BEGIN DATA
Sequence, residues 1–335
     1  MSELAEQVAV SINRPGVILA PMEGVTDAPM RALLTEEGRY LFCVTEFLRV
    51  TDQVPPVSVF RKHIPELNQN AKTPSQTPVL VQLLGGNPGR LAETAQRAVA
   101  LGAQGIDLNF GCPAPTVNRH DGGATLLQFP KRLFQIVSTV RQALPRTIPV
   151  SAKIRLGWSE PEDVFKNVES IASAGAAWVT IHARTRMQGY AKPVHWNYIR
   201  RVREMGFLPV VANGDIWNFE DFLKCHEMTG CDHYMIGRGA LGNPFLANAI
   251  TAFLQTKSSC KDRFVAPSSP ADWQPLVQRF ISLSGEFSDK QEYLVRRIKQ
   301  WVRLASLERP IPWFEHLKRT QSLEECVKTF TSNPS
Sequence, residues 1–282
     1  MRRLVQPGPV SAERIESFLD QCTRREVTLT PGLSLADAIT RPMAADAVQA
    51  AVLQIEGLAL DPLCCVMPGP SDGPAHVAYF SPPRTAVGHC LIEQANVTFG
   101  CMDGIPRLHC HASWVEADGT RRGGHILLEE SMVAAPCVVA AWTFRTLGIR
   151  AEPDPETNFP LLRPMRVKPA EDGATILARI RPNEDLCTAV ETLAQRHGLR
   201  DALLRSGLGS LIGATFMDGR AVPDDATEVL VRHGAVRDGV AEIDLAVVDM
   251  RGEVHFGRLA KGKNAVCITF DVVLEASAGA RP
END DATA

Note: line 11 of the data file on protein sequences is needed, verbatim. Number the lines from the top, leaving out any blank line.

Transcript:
    51  AVLQIEGLAL DPLCCVMPGP SDGPAHVAYF SPPRTAVGHC LIEQANVTFG